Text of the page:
Science proves Moses crossed the Red Sea

GOTCHA - Jarius Bondoc -

Did Moses really lead the Israelites across the Red Sea? How did he part its waters? How come no Israelite drowned, but Pharaoh’s charioteers all perished? Scientists have found proof of the biblical event 3000 years ago recorded in Exodus.

It appears the Chosen People did walk seven days through desert and wadi (dried up riverbed) till they reached the shores of the Red Sea. Scholars cannot explain the pillar of cloud that escorted the Israelites by day and pillar of fire by night. Those can only be credited to the Divine. But the cloud apparently shielded from intense day heat, it was noted, and the fire from night chill and attacks. And the Israelites came upon an exact spot in the Red Sea where a natural formation — a submerged land bridge — spanned both sides. Archeological finds further show traces of the crossing.

But first, some geographical notes. The Red Sea is an elongated inlet of the Indian Ocean separating Asia and Africa. It opens south to the ocean via the Gulf of Aden. At the north end is the Sinai Peninsula, bounded west by the Gulf of Suez and east by the Gulf of Aqaba. It got its name, in Greek originally, from the reddish reflection on the water of the rich surrounding soil. Ancient Egyptians explored the Red Sea about 2500 B.C. for trade routes to Punt.

From biblical account, the Israelites trekked from the Land of Goshen in northeast Egypt, moving south via Succoth, then east onto Wadi Watir. The passage through the wadi was narrow, with deep ravines on each side. No wonder the pursuing charioteers could not ride around the pillar of fire to conduct night raids; the slopes were too steep for their horses.

Then the Israelites exited at Nuweiba beach. The area is big enough to hold the two to three million fleeing Israelites. But the Pharaoh thought there was no more escape from his pursuing army.

Sonar tests in the 1970s of the Gulf of Aqaba, fronting Nuweiba beach, revealed the underwater land bridge several meters deep. It isn’t a smoothly concreted span, more like a rough protrusion on the seabed. But the bridge connected the Egyptian and Saudi Arabian coasts in one of the narrowest segments of the Red Sea.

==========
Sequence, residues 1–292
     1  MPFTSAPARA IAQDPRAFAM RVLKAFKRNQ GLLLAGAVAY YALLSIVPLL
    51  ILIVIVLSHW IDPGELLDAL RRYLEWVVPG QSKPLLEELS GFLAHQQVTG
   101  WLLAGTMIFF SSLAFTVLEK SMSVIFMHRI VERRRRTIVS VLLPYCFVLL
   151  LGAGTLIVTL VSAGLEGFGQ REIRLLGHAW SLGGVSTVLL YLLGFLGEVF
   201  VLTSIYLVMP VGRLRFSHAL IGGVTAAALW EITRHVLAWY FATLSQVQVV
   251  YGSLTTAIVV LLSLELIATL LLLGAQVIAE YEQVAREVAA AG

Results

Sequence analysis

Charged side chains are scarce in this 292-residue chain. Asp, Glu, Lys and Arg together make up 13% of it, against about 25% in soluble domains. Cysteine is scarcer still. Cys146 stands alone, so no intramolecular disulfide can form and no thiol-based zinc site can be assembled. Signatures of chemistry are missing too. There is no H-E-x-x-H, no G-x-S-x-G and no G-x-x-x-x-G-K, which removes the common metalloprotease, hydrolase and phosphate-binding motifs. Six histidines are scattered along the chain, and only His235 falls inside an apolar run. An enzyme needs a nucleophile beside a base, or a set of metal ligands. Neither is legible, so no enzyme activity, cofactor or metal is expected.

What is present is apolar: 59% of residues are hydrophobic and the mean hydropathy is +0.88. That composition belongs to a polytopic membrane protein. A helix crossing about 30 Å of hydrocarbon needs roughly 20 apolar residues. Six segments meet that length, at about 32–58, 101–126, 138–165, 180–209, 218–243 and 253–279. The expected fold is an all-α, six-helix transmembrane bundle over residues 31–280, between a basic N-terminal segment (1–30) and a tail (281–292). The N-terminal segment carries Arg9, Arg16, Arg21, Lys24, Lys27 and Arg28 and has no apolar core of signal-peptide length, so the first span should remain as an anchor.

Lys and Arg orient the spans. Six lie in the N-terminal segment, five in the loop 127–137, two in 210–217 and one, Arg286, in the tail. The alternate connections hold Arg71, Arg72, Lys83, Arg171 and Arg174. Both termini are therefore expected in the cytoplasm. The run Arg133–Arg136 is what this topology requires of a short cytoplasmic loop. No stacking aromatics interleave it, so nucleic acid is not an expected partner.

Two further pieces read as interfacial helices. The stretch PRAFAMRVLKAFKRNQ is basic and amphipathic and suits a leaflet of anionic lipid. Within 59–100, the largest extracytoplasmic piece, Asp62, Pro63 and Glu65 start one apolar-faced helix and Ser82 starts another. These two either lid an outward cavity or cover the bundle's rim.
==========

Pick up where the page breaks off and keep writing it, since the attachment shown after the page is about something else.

When Pharaoh’s chariots closed in, the Israelites must have thought it was their end. The ruler had changed his mind about setting them free, and wanted them back as slaves. He would exact vengeance for the ten plagues and the death of first-born infant sons.

Then “Moses stretched out his hand over the sea; and the Lord caused the sea to go [back] by a strong east wind all that night, and made the sea dry [land], and the waters were divided. And the children of Israel went into the midst of the sea upon the dry [ground]: and the waters [were] a wall unto them on their right hand, and on their left (Exodus 14:21-22).”

The crossing took the whole night. At daybreak the Egyptians followed. At some point on the land bridge the chariot wheels got stuck on what must have been sand, slowing down the pursuers.

“And the Lord said unto Moses, Stretch out thine hand over the sea, that the waters may come again upon the Egyptians, upon their chariots, and upon their horsemen. And Moses stretched forth his hand over the sea, and the sea returned to its strength ... the waters returned, and covered the chariots, and the horsemen, and all the host of Pharaoh that came into the sea after them; there remained not so much as one of them.”

Researcher Ron Wyatt led divers to the underwater land bridge near Nuweiba beach. A slew of artifacts amazed them: the remains of chariot wheels and bodies, and human and horse bones. Other divers found similar items near the Saudi Arabian side. Since 1987 Wyatt has found three intact four-spoke gilded chariot wheels. Coral does not grow on gold, so the shapes — of the same sizes — have remained distinct. The wood beneath the gold overlay has disintegrated, though, making the artifacts too fragile to move. Photographs have been taken, and new technologies are awaited to salvage the remnants.

In his first visit to Nuweiba in 1978, Wyatt found a Phoenician style granite column lying on the seafloor. Inscriptions had eroded away, so he could not establish the importance of the find. In 1984 a second identical column was found on the Saudi coastline opposite Nuweiba — this time with inscriptions intact. In Phoenician (archaic Hebrew) script were the words: Mizraim (Egypt), Solomon, Edom, death, Pharaoh, Moses; and Yahweh. It appears that King Solomon had put up the columns to commemorate the crossing.

Saudi authorities have since removed the column on their side, replacing it with a flag marker. A host of other evidence has been found on the Saudi shores, including remains of altars, pillars and the golden calf.

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E-mail: [email protected]

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